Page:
In this study, the mean age of the patients is 53.52 years, which is moderately higher than that of patients from Arab countries: Saudi Arabia (46 years) (Koriech and Al-Kuhaymi, 1994) [20], Jordan (44 years) from 1996 till 1999 (Almasri et al., 2003) [21] and Egypt (51.6 years) from 1995 to 2004 (Abdel-Fattah et al., 2007) [22]. In northern India the mean age was 47 years (Sandhu et al., 2018) [4] from 1997 to 2000. In the US, between 2012 and 2016, the mean age at diagnosis of NHL was 67 years [8]. In South East Asia, from 2007 to 2014 the mean age was 56 years (Intragumtornchai et al., 2018) [23].

B-cell type represented 86.3% of NHL cases in Lebanon, which is in accordance with the worldwide reported rates (80–90%), except for the Eastern countries where T-cell type rate is higher [7]. The proportion of TCL is 13.7% of all cases in our study. This is comparable to the results in western countries where TCL proportion does not exceed 10% in England [24], 12% in France (Troussard et al., 2009) [25] and 15% in the US [26]. However, this percentage of TCL is very low when compared to China (30% of all NHL) (Yang et al., 2011) [27] and Japan (27%) (Aoki et al., 2008) [28]. Regarding the higher frequency of TCLs in Asia than the rest of the world, this appears to be related to the HTLV-1 virus infection which is more prevalent in Japan and the Caribbean countries [7]. In addition when stratifying according to gender, the observed proportion of TCLs among male cases was 65.1% (vs. 34.9% among females). This is in accordance with results from the Surveillance, Epidemiology, and End Results (SEER) where the reported incidence of TCLs showed a higher male/female ratio from 1992 to 2001 in contrast to other subtypes [18].

In Lebanon, a one-year national study of 227 cases of lymphomas classified according to the 2001 WHO classification of malignant lymphomas has been published by Otrock et al. in 2013. The results were notable for 88% of BCLs and 9% of TCLs. These proportions are in part similar to the observed results in our study [29].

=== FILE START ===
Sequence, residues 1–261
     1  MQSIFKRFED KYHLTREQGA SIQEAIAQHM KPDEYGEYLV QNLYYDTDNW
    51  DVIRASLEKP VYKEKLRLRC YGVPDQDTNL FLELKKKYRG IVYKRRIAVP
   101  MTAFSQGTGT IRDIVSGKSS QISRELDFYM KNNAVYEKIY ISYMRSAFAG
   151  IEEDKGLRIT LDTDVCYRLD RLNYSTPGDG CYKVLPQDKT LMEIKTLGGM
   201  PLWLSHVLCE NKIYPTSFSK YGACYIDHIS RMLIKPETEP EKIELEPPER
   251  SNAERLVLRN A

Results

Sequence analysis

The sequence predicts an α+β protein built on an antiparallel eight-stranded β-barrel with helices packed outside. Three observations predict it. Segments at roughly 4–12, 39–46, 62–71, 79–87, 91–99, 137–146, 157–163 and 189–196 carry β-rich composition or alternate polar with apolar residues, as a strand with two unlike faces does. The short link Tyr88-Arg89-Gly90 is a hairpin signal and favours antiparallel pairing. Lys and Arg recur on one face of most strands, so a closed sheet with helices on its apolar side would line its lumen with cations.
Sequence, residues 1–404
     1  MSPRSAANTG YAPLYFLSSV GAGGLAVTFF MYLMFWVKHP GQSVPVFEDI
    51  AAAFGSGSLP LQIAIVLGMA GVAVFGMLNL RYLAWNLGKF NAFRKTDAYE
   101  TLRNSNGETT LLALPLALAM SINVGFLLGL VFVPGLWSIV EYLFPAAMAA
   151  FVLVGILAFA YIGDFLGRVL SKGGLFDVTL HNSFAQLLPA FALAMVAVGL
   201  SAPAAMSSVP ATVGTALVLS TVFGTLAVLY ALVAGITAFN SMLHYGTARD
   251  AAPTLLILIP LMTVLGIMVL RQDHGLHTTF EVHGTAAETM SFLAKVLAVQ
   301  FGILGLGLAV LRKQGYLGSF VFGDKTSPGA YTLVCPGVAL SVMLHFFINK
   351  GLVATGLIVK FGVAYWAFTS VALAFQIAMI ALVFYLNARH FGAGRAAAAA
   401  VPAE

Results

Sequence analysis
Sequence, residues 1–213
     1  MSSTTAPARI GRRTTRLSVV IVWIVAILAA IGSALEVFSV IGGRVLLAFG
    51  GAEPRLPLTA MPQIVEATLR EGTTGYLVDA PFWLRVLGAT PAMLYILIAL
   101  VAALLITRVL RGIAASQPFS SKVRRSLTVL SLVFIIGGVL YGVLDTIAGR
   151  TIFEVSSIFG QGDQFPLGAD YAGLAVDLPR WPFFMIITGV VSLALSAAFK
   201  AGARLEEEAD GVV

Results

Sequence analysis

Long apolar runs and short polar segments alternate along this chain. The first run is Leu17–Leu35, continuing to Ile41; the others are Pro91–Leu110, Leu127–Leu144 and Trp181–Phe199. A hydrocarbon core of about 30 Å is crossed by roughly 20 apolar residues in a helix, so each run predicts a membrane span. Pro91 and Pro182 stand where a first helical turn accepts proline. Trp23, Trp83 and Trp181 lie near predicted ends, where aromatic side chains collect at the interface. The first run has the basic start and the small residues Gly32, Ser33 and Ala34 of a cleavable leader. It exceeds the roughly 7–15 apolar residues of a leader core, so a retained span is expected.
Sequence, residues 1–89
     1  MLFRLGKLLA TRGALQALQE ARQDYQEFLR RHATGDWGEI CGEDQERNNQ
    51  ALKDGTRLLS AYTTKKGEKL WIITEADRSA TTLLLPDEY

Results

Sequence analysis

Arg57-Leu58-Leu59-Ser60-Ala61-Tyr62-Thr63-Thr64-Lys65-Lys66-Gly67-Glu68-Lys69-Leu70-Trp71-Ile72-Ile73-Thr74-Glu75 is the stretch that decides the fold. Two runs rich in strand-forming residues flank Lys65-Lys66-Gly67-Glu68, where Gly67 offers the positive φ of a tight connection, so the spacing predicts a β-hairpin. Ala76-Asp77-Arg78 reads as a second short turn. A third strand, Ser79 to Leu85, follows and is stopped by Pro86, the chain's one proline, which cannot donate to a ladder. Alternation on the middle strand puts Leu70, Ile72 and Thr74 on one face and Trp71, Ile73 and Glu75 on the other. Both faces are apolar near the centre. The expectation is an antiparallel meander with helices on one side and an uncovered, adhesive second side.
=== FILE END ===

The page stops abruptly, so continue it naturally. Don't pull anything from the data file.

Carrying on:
High-grade tumor predominated in 80.1% of cases, with DLBCL and FL being the most common subtypes. DLBCL comprises 54% of all cases. Similar frequency was noted in Jordan (53%) [23] and Algeria (52.8%) (Boudjerra et al., 2015) [30]. FL represents 17.2% of the cases, in comparison to 15.9% in the UK (Smith et al., 2015) [31] and 17% in the US (Chihara et al., 2014) [32] while a rate of 7% was noted in Saudi Arabia (Akhtar et al., 2009) [33]. SLL comprised less than 2% of NHL cases in contrast to 15% in the USA [16]. MCL represents 3% of all BCL, which is close to the rate seen in Saudi Arabia (2%) (Akhtar et al., 2009) , USA (3%) (Wu et al., 2009) [34] and France (4%) (Troussard et al., 2009) [27].

Most of the patients in this study presented at an advanced stage, with stage 4 presentation being 33.1%. This is in part in accordance with the SEER reported results with 34% of patients presenting at stage 4 [8]. Similar results were described in Saudi Arabia [22]. Advanced stage (III/IV) occurring at 58.3%, is more frequent in our population than in the west, this may suggest late diagnosis related to poor socioeconomic status preventing access to healthcare.

Extranodal presentation was described in more than one-third of the patients (36.5%). Extranodal disease at diagnosis was documented in 20–30% of patients in the US (Ries et al., 2005) , and in more than 65% in patients from Saudi Arabia [22]. This disease is documented mostly in patients from France and Kuwait with 42 and 52% incidence rate respectively [22].